They claim that the termination charges requested by mobile operators are relatively higher than the fixed operators. Fixed phone operators have proposed the charge be made equal.

CPP means that when someone makes a call (the caller), the receiver would not have to pay any charges for receiving such a call. Instead, the charge borne by the receiver would be passed on to the caller. This means that all calls received on mobile phones would be free. With the introduction of CPP, higher call charges are inevitable and the increase is supposedly as much as three rupees or even higher.
The termination charge is a component that is charged by the calling party's operator to hand over the call to the receiving party's operator. This charge, though in reality charged by the calling party's operator, is passed on to the receiving party's operator. All operators view the termination cost as the component that is used to recover their capital investment.

When a call originates from a fixed phone to a mobile phone, the termination charge is higher, as the mobile operators have requested a charge varying from Rs. 3.00 to Rs. 7.40 depending on the time the call is made. Alternatively, when the call originates from a mobile phone and terminates at a fixed phone, the fixed operators have requested a charge in the region of Rs. 1.60 to Rs. 3.80.

Fixed phone operators contend that this needs to be made equal both ways, i.e. Rs. 1.60 to Rs. 3.80. If this is not done, the fixed operators say that their customers would have to bear an unrealistic price increase, which on average would be around Rs. 3.00 to Rs. 4.00.

Mahinda Ramasundara, Technical Director, Suntel Ltd. speaking on behalf of fixed operators, said: "Investment for fixed operators is higher, almost $1,000 per line, while for the mobile operators it is only $250 - $300 per line." Fixed phone operators couldn't burden their customers with heavy tariffs as they have to pay more money to obtain a connection.

Ramasundara also alleged that the TRC is trying to implement the CPP system without following the findings made by the TRC appointed committee that conducted public hearings for all stakeholders including the consumer. The Committee recommended the re-balancing of local and international tariffs to be implemented in two slabs and the adoption of a national numbering plan prior to the introduction of CPP.

Under the numbering plan, mobile and fixed operators are identified using different sets of prefix codes. Currently, two of the fixed operators, Suntel and Lanka Bell have 074 and 075 respectively as prefixes that are similar to mobile operators.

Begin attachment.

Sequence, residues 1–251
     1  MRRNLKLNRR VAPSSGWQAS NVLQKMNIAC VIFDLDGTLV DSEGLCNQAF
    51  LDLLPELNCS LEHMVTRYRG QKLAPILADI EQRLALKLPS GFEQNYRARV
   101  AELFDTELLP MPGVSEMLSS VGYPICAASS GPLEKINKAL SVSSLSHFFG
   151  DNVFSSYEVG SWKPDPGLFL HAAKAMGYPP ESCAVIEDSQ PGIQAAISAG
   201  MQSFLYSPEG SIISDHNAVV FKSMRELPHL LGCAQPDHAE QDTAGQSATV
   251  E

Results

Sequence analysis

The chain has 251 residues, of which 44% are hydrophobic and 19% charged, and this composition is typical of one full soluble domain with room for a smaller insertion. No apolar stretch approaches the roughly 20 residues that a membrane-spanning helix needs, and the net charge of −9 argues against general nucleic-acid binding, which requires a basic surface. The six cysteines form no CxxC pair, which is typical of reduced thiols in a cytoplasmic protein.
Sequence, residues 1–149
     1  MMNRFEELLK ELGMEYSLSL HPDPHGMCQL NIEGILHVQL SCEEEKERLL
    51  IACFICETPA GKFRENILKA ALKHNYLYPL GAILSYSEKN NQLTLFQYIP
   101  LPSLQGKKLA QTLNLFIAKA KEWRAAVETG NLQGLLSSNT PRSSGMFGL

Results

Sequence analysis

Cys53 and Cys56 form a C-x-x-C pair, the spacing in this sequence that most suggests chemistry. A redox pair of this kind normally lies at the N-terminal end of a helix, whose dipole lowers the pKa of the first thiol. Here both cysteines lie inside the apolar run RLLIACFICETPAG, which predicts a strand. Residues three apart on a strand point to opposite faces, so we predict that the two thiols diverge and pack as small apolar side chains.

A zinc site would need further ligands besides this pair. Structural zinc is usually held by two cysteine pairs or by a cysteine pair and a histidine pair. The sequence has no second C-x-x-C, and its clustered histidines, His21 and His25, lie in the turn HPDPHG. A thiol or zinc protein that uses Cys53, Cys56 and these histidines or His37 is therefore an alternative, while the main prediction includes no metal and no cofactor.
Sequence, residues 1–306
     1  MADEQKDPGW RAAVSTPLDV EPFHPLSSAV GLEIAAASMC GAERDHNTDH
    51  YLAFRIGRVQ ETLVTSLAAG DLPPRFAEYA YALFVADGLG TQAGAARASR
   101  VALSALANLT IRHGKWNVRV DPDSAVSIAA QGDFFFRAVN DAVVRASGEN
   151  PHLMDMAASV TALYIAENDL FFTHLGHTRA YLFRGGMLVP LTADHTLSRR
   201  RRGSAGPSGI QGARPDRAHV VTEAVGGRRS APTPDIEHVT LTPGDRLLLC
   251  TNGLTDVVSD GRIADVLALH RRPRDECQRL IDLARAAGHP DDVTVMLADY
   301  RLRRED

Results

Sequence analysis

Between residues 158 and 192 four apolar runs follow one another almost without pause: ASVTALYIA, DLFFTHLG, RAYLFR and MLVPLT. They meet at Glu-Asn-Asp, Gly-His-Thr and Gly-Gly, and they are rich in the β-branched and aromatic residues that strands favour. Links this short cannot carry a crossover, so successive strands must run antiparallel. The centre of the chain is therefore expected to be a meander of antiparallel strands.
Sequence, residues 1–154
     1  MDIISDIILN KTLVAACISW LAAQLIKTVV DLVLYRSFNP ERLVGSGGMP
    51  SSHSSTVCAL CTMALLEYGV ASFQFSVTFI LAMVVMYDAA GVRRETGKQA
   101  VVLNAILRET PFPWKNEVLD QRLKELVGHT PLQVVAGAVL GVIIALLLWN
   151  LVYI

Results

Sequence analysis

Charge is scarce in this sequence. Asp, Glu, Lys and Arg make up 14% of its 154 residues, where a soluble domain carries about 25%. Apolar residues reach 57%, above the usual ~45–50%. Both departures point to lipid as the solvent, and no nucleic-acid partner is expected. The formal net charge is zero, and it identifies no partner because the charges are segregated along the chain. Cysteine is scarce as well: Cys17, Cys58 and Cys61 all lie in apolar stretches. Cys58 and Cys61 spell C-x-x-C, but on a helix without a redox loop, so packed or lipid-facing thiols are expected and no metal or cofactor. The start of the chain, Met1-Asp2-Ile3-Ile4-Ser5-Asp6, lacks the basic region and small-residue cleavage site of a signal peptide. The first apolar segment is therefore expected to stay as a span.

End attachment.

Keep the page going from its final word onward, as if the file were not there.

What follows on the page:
This is to make consumers aware that they would have to incur higher call charges when making calls to a different type of operator.

Dr. Hans Wijayasuriya, Chief Executive/Director, MTN Networks (Pvt), while reiterating that CPP is a cost-based pricing formula, said: "It is not about fairness. We have followed a structured approach in developing the pricing. We too have compensated on pricing, like the fixed operators. If both sides compensate, the industry grows."

The infrastructure of mobile operators, unlike fixed operators, needs to be duplicated to provide mobility. "For example, the mobile traffic in Colombo is not the same in the night. Similarly the traffic increases in adjoining areas like Battaramulla in the night indicating that the users in Colombo have moved to their homes by this time. Therefore, we need to have similar infrastructure in both places."

Dr. Wijayasuriya said they had identified three distinct communities, the corporate, the residential user who has both a fixed and mobile line and those who only have access to either a fixed or mobile line. In the case of fixed phone consumers who have access to both lines, the CPP actually means a shift of part of the charges from one to the other. "Our study went to the extent of providing lower termination charges to the residential user than the business user. We are very confident that CPP is not going to be a great hindrance. This only throws an open challenge to the fixed operators to expand their networks as the mobile operators have done," he said. Had the CPP been implemented earlier this problem would not have occurred, he added.

R.D. Somasiri, TRC Director General, acknowledged that both parties had submitted their cost proposals and that the cost per minute remains the crux of the matter.
The pricing will not be accepted as presented by the operators, he said. The TRC's position is that it should be cost-based with reasonable profits to the operators, he said.